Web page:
Electrify America Caps Charge Times

In an effort to break bottlenecks at its charging stations, Electrify America is piloting a program to kick BEV owners off public chargers after reaching an 85% charge.

David Kiley, Senior Editor

July 11, 2024

2 Min Read
Electrify America trying to mitigate long wait times at charging stations.

The slowdown in battery-electric-vehicle sales is widely known, and largely attributed to high prices for BEVs and an immature public charging network. Now, early adopters may face a new frustration: being kicked off public chargers before their vehicle reaches 100% charge.

Electrify America is piloting a program at high-usage recharging stations in California whereby charging sessions end when a vehicle reaches 85% of charge. The reason is that the last 15% of charge on a BEV can take as long as reaching 85%. To speed throughput at charging stations, the session will end at 85% and drivers have 10 minutes to move their cars before charges are added for sitting idle.

According to Electrify America, the session won’t restart after plugging the car back in, nor will the rule be relaxed during non-peak times.

Clogging up charging stations is a growing problem. At Detroit Metropolitan Airport, for example, charging spaces can be taken up for days by the same cars. At retail outlets, like Walmart and Meijer, cars can be idle at chargers long after they are charged while vehicle owners shop. It’s frustrating.

It’s these inconveniences, as well as the overall underdeveloped network that has frustrated early adopters. Some 46% of current electric-vehicle owners in the U.S. told McKinsey & Co. they would likely switch back to an internal-combustion-engine vehicle, according to the consultancy’s 2024 Mobility Consumer Global Survey. 

In the next four years, electric car sales should grow at an average of 21% per year, compared to the average of 61% between 2020 and 2023, the report says. The growth rate of public charging is having difficulty keeping up because of the process of installing new electrical infrastructure.

Electrify America is monitoring social media forums like Reddit to gather feedback, as well as other methods. Early responses show, not surprisingly, a mixed bag. “I get why they are doing it, but my EV gets less than 200 miles (322 km) on a full charge, so it’s not great for me,” says one Reddit user.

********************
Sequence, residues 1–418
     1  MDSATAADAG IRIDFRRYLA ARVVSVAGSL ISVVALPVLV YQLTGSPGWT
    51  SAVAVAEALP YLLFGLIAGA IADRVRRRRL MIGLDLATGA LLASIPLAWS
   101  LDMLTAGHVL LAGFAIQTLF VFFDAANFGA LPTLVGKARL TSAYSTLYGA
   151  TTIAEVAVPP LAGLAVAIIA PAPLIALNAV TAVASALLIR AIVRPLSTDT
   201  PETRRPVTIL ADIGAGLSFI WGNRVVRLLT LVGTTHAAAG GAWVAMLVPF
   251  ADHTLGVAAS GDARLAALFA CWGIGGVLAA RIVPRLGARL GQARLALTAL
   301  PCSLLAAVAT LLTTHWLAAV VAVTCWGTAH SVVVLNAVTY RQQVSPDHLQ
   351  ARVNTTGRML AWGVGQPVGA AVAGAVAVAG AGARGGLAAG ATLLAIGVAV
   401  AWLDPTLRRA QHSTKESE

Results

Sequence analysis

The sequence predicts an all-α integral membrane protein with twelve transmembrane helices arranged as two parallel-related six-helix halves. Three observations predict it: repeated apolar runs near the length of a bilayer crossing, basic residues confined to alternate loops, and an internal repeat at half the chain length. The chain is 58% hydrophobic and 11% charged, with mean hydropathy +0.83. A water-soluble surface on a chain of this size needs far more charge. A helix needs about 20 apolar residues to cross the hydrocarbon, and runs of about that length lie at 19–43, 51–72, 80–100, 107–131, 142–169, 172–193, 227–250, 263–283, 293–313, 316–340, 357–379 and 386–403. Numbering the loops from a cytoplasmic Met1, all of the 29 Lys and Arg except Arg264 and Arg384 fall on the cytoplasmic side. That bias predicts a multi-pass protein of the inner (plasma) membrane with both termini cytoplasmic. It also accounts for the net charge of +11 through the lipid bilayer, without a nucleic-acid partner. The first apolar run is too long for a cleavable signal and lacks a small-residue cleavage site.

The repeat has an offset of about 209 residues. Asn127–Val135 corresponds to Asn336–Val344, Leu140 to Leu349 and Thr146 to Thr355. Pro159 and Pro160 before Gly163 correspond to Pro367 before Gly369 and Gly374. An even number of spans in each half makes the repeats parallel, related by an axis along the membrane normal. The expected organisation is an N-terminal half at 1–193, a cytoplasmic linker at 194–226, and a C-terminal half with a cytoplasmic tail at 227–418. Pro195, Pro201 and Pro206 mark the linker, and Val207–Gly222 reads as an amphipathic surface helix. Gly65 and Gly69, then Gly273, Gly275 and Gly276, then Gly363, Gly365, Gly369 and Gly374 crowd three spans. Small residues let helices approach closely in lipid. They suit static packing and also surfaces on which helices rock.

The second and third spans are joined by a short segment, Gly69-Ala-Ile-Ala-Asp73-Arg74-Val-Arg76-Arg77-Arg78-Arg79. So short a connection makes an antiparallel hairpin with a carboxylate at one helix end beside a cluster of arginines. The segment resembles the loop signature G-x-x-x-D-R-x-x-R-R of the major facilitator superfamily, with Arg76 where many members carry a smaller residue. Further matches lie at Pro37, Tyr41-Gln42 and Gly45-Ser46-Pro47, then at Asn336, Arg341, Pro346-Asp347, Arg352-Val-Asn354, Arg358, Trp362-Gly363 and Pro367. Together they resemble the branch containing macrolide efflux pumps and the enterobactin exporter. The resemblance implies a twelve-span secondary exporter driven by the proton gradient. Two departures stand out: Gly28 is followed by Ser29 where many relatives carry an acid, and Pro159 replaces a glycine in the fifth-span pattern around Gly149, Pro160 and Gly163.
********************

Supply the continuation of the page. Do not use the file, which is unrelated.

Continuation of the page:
“This is a good idea, and I can live with this because most of my charging is at home, but I can see how some people are going to say…one more thing that’s inconvenient,” says a user on a Volkswagen forum.

According to Kia, for example, charging 10% to 80% on an EV6 takes about 15-17 minutes on a fast charger, but the 80%-to-100% charge will take up to an additional 20 minutes as the rate of charge slows down. 

The ramp-up of electrification is not going to be a straight line. Federal mandates remain in place, driving automakers and charging networks to expand as quickly as  possible. But consumer resistance to buying BEVs is cooling automaker investments, slowing the number of BEVs hitting the market before 2028. New vehicles keep coming – just not as many as were planned only a year ago.

About the Author(s)

David Kiley

Senior Editor, WardsAuto

David Kiley is an award winning journalist. Prior to joining WardsAuto, Kiley held senior editorial posts at USA Today, Businessweek, AOL Autos/Autoblog and Adweek, as well as being a contributor to Forbes, Fortune, Popular Mechanics and more.

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